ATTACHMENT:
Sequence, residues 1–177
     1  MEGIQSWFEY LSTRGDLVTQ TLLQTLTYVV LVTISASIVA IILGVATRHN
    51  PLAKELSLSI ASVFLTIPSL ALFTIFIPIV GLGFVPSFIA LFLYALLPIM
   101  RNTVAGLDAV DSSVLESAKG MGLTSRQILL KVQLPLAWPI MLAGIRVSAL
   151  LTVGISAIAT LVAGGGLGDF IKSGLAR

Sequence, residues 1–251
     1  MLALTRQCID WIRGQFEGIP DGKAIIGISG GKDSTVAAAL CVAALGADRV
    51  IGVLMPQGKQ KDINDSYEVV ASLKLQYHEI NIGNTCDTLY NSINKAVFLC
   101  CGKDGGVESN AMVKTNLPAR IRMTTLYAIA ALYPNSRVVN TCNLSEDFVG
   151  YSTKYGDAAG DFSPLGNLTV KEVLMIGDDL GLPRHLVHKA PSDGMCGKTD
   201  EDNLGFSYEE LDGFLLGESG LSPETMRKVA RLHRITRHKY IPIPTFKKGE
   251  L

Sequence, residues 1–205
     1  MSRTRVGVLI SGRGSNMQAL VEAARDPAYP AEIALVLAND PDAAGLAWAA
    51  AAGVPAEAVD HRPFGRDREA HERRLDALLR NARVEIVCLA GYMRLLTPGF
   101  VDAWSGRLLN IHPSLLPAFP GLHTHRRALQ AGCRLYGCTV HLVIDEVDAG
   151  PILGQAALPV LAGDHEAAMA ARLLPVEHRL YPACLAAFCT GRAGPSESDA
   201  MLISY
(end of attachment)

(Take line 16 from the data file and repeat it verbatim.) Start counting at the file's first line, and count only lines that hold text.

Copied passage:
   101  VDAWSGRLLN IHPSLLPAFP GLHTHRRALQ AGCRLYGCTV HLVIDEVDAG